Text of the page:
10,000 Hour Rule and the Best Haircut

Jennifer Prosek  Follow

The Outliers by Malcolm GladwellI’m a big fan of Malcolm Gladwell, especially his recent book The Outliers.  In The Outliers he discusses why so many of our most successful people or entities—from the Beatles to Bill Gates—became so successful.  One of the reasons for their success, he claims, is something he calls the 10,000 hour rule.  The rule is pretty simple and boils down to this: you can't really master something unless you’ve done it for 10,000 hours.  And, folks like Gates, who just happened to be one of the few kids in his generation to have access to working on main frame computing at a young age, hit his 10,000 hour rule before any of his contemporaries.  It can be argued in my case, because I began running a business so young (I became a partner at 25 years old), that I hit my 10,000 hour rule as a PR owner early on too (not to compare myself to Gates' success in any way!).

I was reminded of the 10,000 hour rule this weekend when I finally got my haircut.  While chatting up the stylist, he mentioned how hard he’s been working to make ends meet. Then he told me he does a whopping 70 haircuts a week.  He also just turned 40.  Do the math folks.  This is only significant if you consider that I happen to live in SOHO, New York—the epicenter of great salons—however, I choose to get my hair cut in Westport, CT.  Why?  Because this particular stylist is the best I’ve ever met, bar none.  And he’s fast.  He can get an A+ job done in a matter of 30 minutes; something incredibly important to me.  And with a frequency as high as 70 haircuts a week, this guy hit his 10,000 hour rule early—probably years and years ago.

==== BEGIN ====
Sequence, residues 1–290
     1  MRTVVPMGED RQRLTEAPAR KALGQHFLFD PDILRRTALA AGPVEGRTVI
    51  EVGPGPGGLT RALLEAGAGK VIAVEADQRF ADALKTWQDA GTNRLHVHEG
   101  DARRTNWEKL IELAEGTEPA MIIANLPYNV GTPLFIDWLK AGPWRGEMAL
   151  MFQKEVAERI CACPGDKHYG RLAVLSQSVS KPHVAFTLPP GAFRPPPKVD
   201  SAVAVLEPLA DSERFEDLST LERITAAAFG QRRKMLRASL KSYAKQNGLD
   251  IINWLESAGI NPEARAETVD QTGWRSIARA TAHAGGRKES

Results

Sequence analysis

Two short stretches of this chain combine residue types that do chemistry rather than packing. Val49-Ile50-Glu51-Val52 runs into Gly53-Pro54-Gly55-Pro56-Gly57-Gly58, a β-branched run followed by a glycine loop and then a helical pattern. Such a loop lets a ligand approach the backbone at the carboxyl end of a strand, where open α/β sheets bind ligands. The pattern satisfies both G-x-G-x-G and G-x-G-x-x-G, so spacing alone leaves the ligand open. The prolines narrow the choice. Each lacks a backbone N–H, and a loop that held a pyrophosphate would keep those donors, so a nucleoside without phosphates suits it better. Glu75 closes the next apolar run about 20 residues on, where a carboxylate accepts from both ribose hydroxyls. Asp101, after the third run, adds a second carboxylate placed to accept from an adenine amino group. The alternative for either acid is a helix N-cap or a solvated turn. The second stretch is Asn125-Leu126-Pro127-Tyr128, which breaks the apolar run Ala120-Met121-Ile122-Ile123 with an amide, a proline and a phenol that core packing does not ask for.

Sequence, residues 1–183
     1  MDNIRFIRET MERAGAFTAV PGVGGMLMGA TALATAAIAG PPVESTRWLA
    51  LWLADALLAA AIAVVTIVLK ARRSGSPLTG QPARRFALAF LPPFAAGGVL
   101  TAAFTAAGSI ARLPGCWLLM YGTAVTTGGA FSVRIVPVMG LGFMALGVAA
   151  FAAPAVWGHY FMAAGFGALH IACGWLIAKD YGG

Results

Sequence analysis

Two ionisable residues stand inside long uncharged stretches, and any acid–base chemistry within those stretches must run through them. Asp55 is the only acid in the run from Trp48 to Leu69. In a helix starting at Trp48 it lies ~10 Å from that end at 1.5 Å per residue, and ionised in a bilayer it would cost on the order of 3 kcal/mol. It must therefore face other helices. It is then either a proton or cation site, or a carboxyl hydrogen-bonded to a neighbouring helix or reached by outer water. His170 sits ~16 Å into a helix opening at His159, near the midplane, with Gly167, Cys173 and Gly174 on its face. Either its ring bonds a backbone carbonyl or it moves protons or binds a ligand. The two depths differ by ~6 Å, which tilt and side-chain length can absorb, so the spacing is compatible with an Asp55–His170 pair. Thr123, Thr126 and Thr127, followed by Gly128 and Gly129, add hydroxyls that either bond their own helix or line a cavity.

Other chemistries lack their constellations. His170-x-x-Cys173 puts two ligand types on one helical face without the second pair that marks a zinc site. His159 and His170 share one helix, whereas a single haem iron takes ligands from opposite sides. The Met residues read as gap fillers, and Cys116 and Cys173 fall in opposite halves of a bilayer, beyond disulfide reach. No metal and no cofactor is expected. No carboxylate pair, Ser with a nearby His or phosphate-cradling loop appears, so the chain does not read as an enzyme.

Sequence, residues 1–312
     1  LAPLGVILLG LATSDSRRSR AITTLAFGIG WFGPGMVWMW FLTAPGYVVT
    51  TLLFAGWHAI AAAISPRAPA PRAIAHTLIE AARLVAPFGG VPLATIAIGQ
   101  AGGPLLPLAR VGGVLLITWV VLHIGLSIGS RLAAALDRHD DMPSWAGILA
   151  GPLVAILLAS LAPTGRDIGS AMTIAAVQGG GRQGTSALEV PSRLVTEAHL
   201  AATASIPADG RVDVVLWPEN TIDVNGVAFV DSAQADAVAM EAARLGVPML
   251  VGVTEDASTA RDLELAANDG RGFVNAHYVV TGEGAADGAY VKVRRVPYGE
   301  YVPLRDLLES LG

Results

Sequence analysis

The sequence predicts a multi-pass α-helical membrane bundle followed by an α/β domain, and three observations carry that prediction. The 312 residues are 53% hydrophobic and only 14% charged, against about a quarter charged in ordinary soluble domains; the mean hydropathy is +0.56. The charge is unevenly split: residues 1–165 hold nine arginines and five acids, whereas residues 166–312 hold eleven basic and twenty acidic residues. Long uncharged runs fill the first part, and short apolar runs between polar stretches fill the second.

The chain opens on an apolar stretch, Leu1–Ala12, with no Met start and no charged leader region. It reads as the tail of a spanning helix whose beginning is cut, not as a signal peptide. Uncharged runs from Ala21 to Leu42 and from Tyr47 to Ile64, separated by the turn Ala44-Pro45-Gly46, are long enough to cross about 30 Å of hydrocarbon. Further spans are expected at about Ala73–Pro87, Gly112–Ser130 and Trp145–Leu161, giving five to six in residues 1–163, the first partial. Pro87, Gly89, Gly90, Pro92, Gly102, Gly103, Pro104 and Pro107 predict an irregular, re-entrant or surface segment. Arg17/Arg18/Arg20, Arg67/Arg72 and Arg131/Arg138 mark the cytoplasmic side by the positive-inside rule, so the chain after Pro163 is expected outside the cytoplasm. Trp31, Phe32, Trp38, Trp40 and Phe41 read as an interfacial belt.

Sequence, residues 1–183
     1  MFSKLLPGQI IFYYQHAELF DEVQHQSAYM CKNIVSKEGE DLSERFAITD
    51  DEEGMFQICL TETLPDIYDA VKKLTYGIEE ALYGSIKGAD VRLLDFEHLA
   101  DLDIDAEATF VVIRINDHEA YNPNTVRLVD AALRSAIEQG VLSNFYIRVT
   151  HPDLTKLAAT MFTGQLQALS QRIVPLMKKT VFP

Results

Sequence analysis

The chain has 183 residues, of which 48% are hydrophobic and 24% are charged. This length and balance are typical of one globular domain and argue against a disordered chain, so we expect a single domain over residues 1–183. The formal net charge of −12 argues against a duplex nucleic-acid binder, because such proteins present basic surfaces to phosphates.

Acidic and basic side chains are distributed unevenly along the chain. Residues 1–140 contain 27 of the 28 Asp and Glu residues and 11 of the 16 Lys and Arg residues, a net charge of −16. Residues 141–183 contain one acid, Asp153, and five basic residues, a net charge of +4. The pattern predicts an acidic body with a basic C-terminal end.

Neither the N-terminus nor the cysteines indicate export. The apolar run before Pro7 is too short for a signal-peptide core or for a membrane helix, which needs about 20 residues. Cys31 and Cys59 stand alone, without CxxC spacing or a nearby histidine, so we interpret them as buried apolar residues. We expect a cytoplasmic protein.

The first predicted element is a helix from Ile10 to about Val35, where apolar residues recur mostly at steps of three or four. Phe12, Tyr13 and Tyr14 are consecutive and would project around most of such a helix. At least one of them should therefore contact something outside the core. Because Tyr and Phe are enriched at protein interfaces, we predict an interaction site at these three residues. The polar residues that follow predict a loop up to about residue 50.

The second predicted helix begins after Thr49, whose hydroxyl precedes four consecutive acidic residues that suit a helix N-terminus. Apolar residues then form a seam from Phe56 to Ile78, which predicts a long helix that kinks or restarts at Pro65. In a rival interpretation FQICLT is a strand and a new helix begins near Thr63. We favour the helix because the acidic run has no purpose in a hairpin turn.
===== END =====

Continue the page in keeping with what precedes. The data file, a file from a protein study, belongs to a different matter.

So what's the take away here?  Mine is, if you want to be good at anything, it takes relentless practice and experience developed over time.  I believe that smart young people can do ANYTHING, but I also believe in hard work and repetition.  Too many people give up easily when they haven’t perfected something right away.  We live in an “instant satisfaction” society where things are expected to happen in a flash.  Too often, I witness frustration from my colleagues when they can't master something difficult right away or they don’t get a promotion with the speed at which they had hoped.  It's important to remember that anything worth mastering takes time, practice and focus and that those who achieve have that in their DNA.

Success isn’t just accidental. CJP

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